Held the last Saturday of April at the Alabama Rural Heritage Center, the day is filled with demonstrations of lost arts, amazing food, including famous Thomaston Bar-B-Que, and of course, music.

In 2005, the name was changed to the Pepper Jelly Festival to honor a time-honored, time-tested local jelly recipe, Mama Nem’s Pepper Jelly. The green and red jelly, which is great as a glaze on ham or mixed with cream cheese for a bagel spread, has become more than a regional favorite and is made by the students and staff at the center.

Poke Salat Festival

There’s probably only one thing more Southern than grits, and that’s Poke Salat. Some call it a weed, while others call it delicious with a flavor reminiscent of asparagus when it’s cooked. In any case, Poke Salat has been celebrated the past 34 years in the town of Arab during their Polk Salat Festival.

That’s not a misprint. It is "salat," not “salad,” although most people agree that the word has, pardon the pun, German roots. Salat means salad in German.

As for "poke," well, take your pick of tales. Some say that it’s named for the sack, or “poke,” that was used to carry the plant in after it was picked. Others say that it’s named after the dimple in the berry that the plant produces that many say looks like it has been poked. Still others say that the word comes from the Algonquian Indian word “pakon” or “puccoon,” which they used to describe the dye derived from the plant, which they used for staining. And you will definitely get stained purple with poke salat!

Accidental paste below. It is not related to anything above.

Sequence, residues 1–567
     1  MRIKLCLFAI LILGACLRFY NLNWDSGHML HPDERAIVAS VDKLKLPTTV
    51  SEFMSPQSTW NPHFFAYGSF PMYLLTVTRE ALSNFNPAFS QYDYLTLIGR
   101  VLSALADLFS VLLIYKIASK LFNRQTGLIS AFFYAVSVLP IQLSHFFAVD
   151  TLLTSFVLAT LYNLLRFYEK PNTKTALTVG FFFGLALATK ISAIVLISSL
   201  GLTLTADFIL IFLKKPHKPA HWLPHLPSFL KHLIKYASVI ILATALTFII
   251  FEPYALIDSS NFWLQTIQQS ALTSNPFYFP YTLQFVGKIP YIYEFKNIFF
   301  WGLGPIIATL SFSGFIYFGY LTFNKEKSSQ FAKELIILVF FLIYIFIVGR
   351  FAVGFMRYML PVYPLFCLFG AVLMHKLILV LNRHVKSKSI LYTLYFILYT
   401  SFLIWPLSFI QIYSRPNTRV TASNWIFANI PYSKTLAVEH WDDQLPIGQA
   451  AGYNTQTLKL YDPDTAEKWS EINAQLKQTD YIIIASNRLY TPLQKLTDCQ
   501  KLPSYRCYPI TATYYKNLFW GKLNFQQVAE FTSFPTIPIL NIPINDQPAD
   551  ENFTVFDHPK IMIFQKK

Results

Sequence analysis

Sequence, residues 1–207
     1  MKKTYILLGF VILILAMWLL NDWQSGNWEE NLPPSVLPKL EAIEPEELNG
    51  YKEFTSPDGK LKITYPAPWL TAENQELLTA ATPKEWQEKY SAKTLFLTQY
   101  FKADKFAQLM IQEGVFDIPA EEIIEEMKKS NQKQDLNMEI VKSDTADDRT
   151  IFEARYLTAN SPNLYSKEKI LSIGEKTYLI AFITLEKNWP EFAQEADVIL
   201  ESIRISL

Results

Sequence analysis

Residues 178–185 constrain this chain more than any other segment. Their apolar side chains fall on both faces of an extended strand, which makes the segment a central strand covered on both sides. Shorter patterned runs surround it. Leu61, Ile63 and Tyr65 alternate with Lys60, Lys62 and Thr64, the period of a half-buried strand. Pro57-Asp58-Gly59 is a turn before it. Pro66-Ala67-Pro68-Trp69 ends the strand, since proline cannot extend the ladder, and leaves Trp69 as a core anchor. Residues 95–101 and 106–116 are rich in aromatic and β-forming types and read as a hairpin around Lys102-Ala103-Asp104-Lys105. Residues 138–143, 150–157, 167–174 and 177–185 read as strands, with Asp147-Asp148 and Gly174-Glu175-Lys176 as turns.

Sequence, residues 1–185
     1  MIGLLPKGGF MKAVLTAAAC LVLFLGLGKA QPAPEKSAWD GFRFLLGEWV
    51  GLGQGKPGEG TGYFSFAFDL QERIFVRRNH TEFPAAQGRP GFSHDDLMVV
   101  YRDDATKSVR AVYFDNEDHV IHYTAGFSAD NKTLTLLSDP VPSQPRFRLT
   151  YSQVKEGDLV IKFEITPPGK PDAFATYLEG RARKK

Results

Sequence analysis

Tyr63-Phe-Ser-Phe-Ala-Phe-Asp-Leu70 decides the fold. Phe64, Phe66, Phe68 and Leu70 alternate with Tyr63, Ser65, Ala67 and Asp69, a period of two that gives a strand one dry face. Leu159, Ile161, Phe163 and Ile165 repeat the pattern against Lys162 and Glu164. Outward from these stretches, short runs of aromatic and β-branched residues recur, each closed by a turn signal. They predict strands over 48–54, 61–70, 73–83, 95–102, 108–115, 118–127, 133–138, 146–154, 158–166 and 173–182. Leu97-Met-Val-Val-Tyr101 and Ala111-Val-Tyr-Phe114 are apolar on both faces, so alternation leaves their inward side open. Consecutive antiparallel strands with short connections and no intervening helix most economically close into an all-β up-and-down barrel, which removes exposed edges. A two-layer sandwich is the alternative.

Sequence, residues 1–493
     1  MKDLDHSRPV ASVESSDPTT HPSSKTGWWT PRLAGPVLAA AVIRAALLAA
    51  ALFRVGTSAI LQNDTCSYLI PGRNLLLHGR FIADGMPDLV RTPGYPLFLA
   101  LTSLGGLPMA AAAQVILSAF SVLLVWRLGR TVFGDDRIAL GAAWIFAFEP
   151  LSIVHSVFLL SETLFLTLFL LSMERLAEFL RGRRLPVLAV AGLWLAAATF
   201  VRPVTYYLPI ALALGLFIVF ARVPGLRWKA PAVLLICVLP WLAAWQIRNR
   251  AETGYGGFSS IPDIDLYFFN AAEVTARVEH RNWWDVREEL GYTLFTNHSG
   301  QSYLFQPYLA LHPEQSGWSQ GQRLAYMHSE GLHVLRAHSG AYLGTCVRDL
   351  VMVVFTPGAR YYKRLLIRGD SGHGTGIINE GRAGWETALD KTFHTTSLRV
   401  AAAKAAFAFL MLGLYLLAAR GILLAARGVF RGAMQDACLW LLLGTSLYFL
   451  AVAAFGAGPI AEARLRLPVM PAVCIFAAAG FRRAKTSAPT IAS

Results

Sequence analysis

The festival is held the third weekend of May and includes food (including poke salat), a pet parade, music, arts and crafts, and more.

Gulf Coast Hot Air Balloon Festival

The city of Foley takes the concept of spring festivals to new heights, literally, with the Gulf Coast Hot Air Balloon Festival.

The event, now in its 14th year, is held the first weekend of May, bringing dozens of balloonists from around the country to the Alabama Gulf Coast.

The festival begins on Friday as hundreds of people flock to a local outlet shopping center, the Tanger Center, to take in the warm glow of the balloons that are tethered to the ground and flaming up just after sunset.

The things take off the following morning with the fly-in. Weather permitting, the sky is filled with balloons of every imaginable color combination as they silently sail into the Foley Soccer Park for a touchdown. Then, the booths open and the grounds become a good old fashioned spring fest with arts, crafts, music, and plenty of music. You can even take a tethered ride in one of the balloons.

Written by Joe Cuhaj for RootsRated in partnership with BCBS of AL.